Hurricane Lorenzo has strengthened into a category five storm in the central Atlantic Ocean, making it the strongest storm ever observed so far north and east in the Atlantic basin.
The US National Hurricane Centre said that the storm has maximum sustained winds of 160mph.
The tail-end of the 600-mile wide storm will batter Britain with 150mm of rain - with the Met Office branding it a "real beast".
Lorenzo is moving north at 10mph and is centred about 1,410 miles southwest of the Azores, a Portuguese island chain.
There are no coastal watches or warnings currently in effect, although forecasters expect the storm to remain strong as it approaches the Azores over the next few days.
Met Office forecaster Steven Keates said: "Lorenzo is a real beast of a storm.
"It will be one of Europe's strongest ever tropical storms, as the Azores are part of Europe.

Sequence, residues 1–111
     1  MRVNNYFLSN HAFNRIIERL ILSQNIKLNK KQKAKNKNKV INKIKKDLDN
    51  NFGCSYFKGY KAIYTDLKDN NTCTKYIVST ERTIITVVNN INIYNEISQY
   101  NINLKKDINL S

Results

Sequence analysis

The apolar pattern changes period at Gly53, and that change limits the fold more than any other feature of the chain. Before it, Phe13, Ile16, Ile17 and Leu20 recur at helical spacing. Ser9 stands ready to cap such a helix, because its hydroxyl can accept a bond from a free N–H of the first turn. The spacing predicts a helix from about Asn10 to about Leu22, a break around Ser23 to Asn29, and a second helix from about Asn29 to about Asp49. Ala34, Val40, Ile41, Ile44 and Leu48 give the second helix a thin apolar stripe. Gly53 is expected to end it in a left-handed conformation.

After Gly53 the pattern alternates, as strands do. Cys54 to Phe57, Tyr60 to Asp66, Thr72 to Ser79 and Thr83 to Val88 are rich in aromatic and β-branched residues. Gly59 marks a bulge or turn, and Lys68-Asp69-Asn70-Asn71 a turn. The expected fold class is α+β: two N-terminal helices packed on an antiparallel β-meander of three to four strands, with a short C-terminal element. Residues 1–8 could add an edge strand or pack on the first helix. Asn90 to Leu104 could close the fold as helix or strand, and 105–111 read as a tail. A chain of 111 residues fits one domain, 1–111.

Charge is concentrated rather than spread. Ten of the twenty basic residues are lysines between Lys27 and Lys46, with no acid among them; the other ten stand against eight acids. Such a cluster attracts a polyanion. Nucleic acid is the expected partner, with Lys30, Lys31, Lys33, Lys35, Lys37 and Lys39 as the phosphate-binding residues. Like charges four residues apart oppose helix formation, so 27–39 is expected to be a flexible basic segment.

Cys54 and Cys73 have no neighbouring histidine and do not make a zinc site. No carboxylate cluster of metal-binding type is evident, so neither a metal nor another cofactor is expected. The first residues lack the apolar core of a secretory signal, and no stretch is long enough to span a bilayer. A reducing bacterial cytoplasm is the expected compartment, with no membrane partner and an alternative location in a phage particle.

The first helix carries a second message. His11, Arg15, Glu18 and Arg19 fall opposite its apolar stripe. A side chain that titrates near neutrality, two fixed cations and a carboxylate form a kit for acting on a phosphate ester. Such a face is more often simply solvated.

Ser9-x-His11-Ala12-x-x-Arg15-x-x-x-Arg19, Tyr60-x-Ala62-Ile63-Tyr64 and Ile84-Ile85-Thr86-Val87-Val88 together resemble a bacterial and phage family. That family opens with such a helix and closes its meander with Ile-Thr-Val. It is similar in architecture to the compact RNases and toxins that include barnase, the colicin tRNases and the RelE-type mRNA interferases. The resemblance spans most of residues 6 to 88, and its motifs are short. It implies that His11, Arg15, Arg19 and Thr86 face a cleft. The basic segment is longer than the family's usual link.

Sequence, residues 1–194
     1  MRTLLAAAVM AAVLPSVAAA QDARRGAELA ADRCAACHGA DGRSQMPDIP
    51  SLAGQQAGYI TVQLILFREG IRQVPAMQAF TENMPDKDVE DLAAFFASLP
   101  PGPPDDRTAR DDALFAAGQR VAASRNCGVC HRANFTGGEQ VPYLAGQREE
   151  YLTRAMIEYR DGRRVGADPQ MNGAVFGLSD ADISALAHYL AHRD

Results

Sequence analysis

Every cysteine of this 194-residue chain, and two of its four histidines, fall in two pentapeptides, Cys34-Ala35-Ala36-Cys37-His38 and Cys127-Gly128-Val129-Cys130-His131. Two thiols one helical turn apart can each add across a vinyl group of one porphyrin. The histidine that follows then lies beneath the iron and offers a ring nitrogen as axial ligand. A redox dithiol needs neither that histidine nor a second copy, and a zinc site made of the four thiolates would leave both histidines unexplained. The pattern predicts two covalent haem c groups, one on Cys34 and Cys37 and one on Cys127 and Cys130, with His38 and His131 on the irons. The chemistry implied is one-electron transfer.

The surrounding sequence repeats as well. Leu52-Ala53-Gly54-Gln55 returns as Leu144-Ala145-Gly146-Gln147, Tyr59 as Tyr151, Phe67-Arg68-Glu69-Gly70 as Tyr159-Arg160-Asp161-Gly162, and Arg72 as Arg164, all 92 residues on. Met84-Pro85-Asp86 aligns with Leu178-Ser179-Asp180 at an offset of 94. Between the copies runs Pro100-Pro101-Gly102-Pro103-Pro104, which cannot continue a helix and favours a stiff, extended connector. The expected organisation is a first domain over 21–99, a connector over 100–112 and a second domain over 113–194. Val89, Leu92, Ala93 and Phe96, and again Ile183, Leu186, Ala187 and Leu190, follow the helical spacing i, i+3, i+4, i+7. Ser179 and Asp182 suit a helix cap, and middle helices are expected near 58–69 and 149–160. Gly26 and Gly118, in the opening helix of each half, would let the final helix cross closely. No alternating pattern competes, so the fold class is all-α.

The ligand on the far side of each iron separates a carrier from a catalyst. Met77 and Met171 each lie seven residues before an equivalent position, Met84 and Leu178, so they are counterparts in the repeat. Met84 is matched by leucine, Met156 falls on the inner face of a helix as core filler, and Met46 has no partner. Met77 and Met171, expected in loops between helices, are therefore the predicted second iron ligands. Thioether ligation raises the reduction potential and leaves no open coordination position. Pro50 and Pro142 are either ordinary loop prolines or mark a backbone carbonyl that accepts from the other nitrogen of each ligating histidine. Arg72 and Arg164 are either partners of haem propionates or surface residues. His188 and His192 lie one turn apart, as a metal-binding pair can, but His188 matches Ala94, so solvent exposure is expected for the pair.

"After reaching the Azores on Tuesday, Lorenzo is expected to move to the UK by Thursday - bringing a couple of days with potentially worse conditions than this weekend.
"There are scenarios from gales to storm-force 70mph-plus gusts, but there's uncertainty.
"Big waves and heavy rain are likely, with the west most likely to be affected.
"Before then, five or six inches' rain will fall between Saturday and Tuesday in the wettest places.
"It's clearly enough for flooding concerns.
"People should keep up-to-date with warnings and consider their travel options.
"The south-west looks wettest, but other parts will see rain, focused on Sunday then Monday night into Tuesday.
"It will be windy across the South and Midlands, with gusts up to 60mph on Sunday and 50mph from Monday night, windiest on the south coast.
"The season's first snowfall is possible on Wednesday on Scotland's mountains, with accumulating snow on the highest ground.
"-2C on Tuesday night is forecast in northern England and Scotland, and 0C in the South."